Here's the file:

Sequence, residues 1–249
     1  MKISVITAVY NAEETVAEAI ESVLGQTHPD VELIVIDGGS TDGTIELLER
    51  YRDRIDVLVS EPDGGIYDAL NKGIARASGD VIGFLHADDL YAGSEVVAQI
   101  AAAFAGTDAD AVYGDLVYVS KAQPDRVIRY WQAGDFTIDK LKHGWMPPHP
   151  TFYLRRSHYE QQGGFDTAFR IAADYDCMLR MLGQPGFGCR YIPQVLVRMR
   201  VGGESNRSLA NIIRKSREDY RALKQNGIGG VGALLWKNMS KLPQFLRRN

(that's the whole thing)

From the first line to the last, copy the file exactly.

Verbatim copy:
Sequence, residues 1–249
     1  MKISVITAVY NAEETVAEAI ESVLGQTHPD VELIVIDGGS TDGTIELLER
    51  YRDRIDVLVS EPDGGIYDAL NKGIARASGD VIGFLHADDL YAGSEVVAQI
   101  AAAFAGTDAD AVYGDLVYVS KAQPDRVIRY WQAGDFTIDK LKHGWMPPHP
   151  TFYLRRSHYE QQGGFDTAFR IAADYDCMLR MLGQPGFGCR YIPQVLVRMR
   201  VGGESNRSLA NIIRKSREDY RALKQNGIGG VGALLWKNMS KLPQFLRRN